Finally, Ward gets down to practicalities in 'The Bible and the Christian Life'. It is sometimes assumed that the Reformers swept aside the theological heritage of the church and looked to the Bible alone. But their commitment to sola Scriptura did not mean that the Reformers saw no value in the traditions of the church. They rejected the unbiblical traditions of the Roman Catholic Church on the basis of the supreme authority of the Bible. But they valued the historic creeds and the writings of the church fathers. The solo Scriptura attitude of Fundamentalists who claim to eschew all tradition for the sake of the Bible alone is quite different to that of the Reformers and tends to an individualistic reading of the Scripture. The writer has some helpful things to say about preaching in the life of the church. He emphases the importance of the proclamation of the Word of God in the power of the Spirit. The Holy Spirit gave us the Bible and he continues to speak through Scripture. He transforms the lives of preachers and empowers them to so preach Christ that sinners are saved and the church is built up. God is actively present in the church by the power of the Spirit as the people of God gather to listen to the Word of God being proclaimed.
It is only once he has described the relationship between the church and the Bible that Ward has something to say about Scripture and the individual believer. This is surely right. The Christian reads the Bible as a member of the people of God, informed by the preaching and teaching of the church. It is beneficial to use commentaries and study notes which help to explain and apply the Scriptures. These aids can make prayerful Bible reading more meaningful and helpful. We approach Scripture with the question, "What is God wanting to do to me and in me, through the words I am reading?" (italics original, p. 176-177).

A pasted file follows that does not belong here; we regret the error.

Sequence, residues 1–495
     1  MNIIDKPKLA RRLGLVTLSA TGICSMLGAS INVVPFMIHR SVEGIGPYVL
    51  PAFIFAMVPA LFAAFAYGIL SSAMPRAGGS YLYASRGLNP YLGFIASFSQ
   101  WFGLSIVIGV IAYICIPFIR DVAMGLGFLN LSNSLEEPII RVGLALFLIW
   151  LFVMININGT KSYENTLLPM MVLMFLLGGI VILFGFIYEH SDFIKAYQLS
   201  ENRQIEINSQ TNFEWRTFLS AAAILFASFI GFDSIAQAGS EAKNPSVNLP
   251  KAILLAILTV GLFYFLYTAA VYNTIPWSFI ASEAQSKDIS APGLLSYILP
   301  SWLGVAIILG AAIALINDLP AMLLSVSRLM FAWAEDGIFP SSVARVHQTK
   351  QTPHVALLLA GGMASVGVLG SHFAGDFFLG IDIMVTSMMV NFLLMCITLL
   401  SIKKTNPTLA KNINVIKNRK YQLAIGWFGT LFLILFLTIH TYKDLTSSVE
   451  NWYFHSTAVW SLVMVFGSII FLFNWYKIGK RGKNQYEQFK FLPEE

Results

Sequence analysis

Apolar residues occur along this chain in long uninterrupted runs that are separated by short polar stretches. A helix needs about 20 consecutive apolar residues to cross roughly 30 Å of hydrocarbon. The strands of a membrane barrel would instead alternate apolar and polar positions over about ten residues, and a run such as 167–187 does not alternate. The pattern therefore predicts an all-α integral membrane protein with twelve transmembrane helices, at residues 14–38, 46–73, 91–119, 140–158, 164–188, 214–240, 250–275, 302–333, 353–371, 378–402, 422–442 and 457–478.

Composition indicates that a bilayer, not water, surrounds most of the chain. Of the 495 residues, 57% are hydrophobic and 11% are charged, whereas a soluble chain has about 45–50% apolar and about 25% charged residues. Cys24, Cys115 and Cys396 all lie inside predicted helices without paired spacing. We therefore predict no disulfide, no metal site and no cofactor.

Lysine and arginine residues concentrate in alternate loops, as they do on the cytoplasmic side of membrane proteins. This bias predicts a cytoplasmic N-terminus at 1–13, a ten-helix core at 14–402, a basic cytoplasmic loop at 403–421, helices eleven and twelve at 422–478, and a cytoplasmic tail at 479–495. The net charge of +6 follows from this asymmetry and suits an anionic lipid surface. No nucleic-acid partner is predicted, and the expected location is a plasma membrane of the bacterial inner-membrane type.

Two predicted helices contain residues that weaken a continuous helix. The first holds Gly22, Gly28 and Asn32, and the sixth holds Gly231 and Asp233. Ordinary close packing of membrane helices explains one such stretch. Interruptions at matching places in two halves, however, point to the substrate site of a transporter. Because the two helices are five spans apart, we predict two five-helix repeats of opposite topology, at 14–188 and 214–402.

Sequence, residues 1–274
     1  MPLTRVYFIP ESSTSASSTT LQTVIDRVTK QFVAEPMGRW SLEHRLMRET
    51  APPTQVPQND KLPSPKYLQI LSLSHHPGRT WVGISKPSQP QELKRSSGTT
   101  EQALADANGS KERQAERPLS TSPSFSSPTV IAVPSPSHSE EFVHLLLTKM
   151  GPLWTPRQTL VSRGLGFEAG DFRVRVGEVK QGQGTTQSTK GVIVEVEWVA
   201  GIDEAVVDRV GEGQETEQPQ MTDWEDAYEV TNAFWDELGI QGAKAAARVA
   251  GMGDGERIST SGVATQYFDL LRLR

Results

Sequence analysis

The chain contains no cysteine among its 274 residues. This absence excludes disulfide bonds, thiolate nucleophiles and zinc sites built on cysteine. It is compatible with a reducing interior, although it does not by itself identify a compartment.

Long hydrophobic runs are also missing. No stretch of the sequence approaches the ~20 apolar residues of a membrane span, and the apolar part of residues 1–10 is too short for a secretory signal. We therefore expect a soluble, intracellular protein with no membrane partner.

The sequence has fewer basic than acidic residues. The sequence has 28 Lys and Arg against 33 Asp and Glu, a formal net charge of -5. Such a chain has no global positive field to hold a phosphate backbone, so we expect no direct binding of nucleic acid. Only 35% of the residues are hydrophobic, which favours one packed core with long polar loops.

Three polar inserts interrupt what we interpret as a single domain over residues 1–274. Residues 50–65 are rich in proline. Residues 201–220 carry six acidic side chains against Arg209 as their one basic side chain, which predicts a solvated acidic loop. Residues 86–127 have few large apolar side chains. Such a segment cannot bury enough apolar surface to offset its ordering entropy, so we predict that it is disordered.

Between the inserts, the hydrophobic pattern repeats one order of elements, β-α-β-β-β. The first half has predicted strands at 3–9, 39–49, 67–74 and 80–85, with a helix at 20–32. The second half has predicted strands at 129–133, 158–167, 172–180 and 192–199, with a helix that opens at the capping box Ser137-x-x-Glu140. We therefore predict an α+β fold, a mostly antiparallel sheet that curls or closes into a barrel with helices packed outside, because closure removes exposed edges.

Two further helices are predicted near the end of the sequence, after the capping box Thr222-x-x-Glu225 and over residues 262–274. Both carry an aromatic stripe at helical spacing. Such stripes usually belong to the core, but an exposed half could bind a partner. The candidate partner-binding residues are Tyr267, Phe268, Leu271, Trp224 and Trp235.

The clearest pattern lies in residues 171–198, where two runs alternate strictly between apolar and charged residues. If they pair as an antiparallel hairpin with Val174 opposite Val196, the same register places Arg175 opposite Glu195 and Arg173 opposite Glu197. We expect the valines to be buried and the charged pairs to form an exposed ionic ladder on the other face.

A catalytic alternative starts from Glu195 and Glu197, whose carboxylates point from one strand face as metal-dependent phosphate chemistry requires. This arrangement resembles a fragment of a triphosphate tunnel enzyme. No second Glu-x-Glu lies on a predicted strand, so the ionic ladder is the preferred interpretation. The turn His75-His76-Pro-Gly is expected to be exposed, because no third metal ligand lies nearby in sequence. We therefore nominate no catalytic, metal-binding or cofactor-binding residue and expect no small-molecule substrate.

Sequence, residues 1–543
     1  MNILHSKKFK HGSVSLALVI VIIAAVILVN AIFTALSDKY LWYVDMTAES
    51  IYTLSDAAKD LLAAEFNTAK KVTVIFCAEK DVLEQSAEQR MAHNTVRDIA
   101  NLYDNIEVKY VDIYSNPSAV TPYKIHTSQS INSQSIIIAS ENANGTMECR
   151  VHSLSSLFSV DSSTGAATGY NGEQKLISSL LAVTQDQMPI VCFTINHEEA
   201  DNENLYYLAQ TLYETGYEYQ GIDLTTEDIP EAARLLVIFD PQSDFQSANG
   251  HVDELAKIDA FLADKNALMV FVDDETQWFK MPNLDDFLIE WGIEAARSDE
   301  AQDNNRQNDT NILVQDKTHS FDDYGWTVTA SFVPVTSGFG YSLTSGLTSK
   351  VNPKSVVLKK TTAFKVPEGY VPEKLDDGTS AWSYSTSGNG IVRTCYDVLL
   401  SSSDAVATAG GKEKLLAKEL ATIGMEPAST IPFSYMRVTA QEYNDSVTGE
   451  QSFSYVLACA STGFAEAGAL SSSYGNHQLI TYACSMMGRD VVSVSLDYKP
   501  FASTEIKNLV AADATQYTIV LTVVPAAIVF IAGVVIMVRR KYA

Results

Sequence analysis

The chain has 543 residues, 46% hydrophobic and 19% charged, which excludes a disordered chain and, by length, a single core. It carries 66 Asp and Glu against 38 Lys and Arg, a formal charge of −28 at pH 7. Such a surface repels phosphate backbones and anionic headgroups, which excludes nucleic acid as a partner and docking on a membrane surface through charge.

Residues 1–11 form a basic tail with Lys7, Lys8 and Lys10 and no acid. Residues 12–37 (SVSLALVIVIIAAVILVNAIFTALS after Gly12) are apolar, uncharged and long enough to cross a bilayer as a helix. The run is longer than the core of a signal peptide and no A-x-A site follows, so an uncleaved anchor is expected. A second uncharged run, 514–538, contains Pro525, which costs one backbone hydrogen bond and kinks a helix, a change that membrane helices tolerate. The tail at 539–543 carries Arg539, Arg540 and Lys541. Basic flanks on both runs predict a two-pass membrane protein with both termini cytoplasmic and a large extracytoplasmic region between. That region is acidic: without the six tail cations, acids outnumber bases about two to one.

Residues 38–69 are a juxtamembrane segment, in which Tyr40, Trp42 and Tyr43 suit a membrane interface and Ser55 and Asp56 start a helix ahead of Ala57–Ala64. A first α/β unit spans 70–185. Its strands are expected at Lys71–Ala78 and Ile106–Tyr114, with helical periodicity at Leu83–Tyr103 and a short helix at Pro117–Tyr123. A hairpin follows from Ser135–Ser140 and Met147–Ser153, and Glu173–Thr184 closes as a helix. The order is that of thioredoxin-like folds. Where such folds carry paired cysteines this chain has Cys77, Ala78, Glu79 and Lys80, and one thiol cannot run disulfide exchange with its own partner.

Of all the books that I have read on the Bible in the last few months, this is undoubtedly the best. Ward's study is based on clear biblical exposition and insightful theological reflection. The work is informed by the old masters, Warfield and Bavinck. But what we have here is not simply a rehash of older Reformed treatments of Scripture. The writer's approach is thoroughly up-to-date, drawing on Kevin Vanhoozer's proposals on theology and speech-act theory. Ward offers a cogent defence of Scripture as the word of God against the criticisms of Karl Barth and interacts well with recent writers, John Webster and Andrew McGowan. I heartily recommend this most helpful book on the Book of books.